What AT&T is considering is the net equivalent of a police state. Even if we accepted the overbearingly expansive view of copyright that the RIAA and MPAA are trying to impose on us, no automated method can distinguish reliably between deliberate infringement and guilt by association. How many innocent people would be caught in the dragnet and treated as criminals because their computers are zombies?

The excellent arguments in this paper apply directly to network-embedded infringement detection and enforcement.

The High Sierra from 33,000 feet


Flying again from SFO to PHL, the Sierra from 33,000 feet has lost most of its snow. Mount Dana's two main couloirs are still full of white, but granite is now the dominant note.

No mountains in my travel plans until August 18's arrival in Bariloche. Work can obscure their absence for days, but they always return. Looking West of Mono Lake for Dana (picture: in midwinter from the plateau) and Tioga Pass is an irresistible draw, not a simple pleasure. Each memorable turn costing a blurr of breaths and steps on an icy slope.

Monday, June 4, 2007

Study: Music, tech search terms riskiest (AP)

Study: Music, tech search terms riskiest (AP): Search terms related to music and technology are most likely to return sites with spyware and other malicious code, a new study finds. The most interesting passage of the story comes near the end:

Nonetheless, McAfee found it slightly safer to use search engines overall. Although about 4 percent of search results lead to sites deemed risky, that's down from 5 percent a year ago. [...] Risks are greater when clicking on keyword ads that make up much of search companies' revenues: According to McAfee, 7 percent of such links produce risky sites, down from 8.5 percent a year ago.

I bet there was a lot of tweaking in achieving these improvements, showing again that search is not some Leibnizian calculus ratiocinator.

Sunday, June 3, 2007

In DRM we trust: world collection societies wring hands over P2P copying

In DRM we trust: world collection societies wring hands over P2P copying: The world's collection societies gathered in Brussels this week to discuss how artists could get paid in a digital world. The result: compulsory licensing is (still) out, DRM is (still) in.

The combination of greed, technical ignorance, and anger about losing a cozy life will keep the music industries on the path to destruction, even when the life raft of compulsory licensing is at hand. Eric Batiste, who runs the umbrella licensing organization CISAC:

I agree, it's very difficult to compete with free... but we need more compelling offerings as well as better enforcement. The killer app is not there yet.

The "killer app" is the golden-egg goose of this industry, and just as real. As for better enforcement, it would be interesting to know what fraction of scarce law enforcement resources do these guys think they are entitled to in a world where real mayhem is all too frequent.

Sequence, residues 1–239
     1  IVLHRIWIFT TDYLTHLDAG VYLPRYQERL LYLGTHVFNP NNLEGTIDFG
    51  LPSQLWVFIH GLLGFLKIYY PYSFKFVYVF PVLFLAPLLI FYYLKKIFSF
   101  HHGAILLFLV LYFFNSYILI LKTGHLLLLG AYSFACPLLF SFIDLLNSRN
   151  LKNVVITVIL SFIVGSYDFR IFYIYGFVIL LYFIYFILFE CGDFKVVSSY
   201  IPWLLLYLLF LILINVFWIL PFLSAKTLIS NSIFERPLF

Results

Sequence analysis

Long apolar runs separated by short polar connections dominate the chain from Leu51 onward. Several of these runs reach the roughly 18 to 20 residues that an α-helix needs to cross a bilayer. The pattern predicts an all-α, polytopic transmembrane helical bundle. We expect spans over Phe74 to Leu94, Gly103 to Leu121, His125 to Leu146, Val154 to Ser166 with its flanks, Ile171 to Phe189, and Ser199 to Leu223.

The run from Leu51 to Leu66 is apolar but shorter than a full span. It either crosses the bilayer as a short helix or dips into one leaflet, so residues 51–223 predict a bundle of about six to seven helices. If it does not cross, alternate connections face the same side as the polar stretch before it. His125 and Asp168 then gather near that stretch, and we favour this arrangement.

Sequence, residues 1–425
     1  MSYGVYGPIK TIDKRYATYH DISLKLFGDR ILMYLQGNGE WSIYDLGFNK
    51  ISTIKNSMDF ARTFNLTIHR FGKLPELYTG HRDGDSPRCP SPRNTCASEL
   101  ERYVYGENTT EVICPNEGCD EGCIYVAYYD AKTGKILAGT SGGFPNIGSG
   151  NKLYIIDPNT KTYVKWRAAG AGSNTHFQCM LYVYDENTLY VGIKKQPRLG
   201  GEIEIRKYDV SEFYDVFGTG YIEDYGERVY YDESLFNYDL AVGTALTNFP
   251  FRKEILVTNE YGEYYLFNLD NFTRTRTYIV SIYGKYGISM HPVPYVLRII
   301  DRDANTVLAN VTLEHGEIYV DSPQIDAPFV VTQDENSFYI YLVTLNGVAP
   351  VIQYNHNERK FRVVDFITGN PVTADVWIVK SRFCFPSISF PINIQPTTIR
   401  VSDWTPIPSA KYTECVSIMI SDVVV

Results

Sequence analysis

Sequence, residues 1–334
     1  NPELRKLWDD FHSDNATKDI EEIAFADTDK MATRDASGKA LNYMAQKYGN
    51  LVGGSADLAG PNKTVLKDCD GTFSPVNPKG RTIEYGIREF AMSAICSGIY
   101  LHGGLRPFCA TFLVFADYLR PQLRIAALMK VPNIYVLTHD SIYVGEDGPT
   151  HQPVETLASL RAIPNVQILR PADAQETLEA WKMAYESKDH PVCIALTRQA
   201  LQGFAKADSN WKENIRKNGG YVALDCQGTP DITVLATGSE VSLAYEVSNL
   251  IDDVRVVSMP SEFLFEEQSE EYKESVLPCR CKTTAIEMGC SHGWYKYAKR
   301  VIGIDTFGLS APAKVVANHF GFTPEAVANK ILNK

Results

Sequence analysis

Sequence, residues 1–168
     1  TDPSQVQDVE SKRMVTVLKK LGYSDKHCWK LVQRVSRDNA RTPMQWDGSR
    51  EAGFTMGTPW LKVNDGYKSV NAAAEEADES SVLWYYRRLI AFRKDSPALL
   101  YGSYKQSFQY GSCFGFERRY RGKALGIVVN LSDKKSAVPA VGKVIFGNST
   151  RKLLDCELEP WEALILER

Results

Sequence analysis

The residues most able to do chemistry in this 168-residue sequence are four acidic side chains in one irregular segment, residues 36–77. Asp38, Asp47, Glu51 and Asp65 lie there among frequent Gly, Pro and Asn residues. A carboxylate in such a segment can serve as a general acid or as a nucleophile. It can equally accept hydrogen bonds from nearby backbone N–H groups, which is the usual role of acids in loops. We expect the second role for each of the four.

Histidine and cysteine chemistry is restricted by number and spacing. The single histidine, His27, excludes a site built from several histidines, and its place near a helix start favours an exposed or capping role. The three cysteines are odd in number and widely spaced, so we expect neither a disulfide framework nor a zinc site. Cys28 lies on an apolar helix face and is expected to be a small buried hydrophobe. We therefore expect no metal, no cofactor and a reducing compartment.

Batiste also compared casual infringement to speeding - we all want do it, but we know we'll get caught. This is a good analogy. To judge from the proportion of speeders on any freeway I've been on in the last ten years, it's obvious that the perceived odds of getting caught are in the speeder's favor.

Tweaking Is Innovating

Search Journalism: Tweaking Is Not Innovating: It sounds like the proverbial person pulling the blanket down to cover his feet, only to get a cold head - then pulling the blanket up over his head only to get cold feet.

Actually, it sounds more like biological evolution. Like our big heads with big brains make us better at solving problems, but make childbirth more dangerous. Or a mutation that confers resistance to malaria is implicated in sickle cell anemia. In a complex adversarial environment there are no magic bullets. Every potentially beneficial change has costs as well. I think Hansell did a pretty good job of capturing the "struggle for existence" of a search engine.

Saturday, June 2, 2007

Open Access CL Proposal

Open Access CL Proposal: Following up on the Whence JCLR discussion, Stuart Shieber, Fernando Pereira, Ryan McDonald, Kevin Duh and I have just submitted a proposal for an open access version of CL to the ACL exec committee, hopefully to be discussed in Prague. In the spirit of open access, you can read the official proposal as well as see discussion that led up to it on our wiki. Feel free to email me with comments/suggestions, post them here, or bring them with you to Prague!

If you agree with our proposal, please express your support on our blogs and, even better, at the ACL business meeting in Prague.

Friday, June 1, 2007

Anger over DRM-free iTunes tracks

Anger over DRM-free iTunes tracks: Apple is facing questions over user data placed in DRM-free tracks sold through iTunes.

What were they thinking? If a competitor had wanted to sabotage the positive news of DRM-free tracks, they could not have done better than this. The only plausible theory floating around is that this would allow Apple to partially detect casual exchange of music files, since determined redistributors could easily tamper with the embedded information. But it is hard to see how whatever benefits Apple would derive from this would be worth the bad publicity.

Alternatively, this could be an EMI imposition, not impossible given the habitual cluelessness of the majors. But if so Apple should have resisted, if nothing else to preserve their good name.

Why should we worry if we are not set on copyright infringement? There are all sorts of innocent ways for tracks to get to someone, for example when someone (family member, friend) gives them a used computer. An insecure tagging method is open to all sorts of mischief. And the natural expectation is that I should be able to give some DRM-free tracks as I can give a CD. Sure, that might be not with current draconian interpretations of copyright allow, but it is a natural expectation for non-technical people.

Personally I don't need to worry, I'm still buying CDs.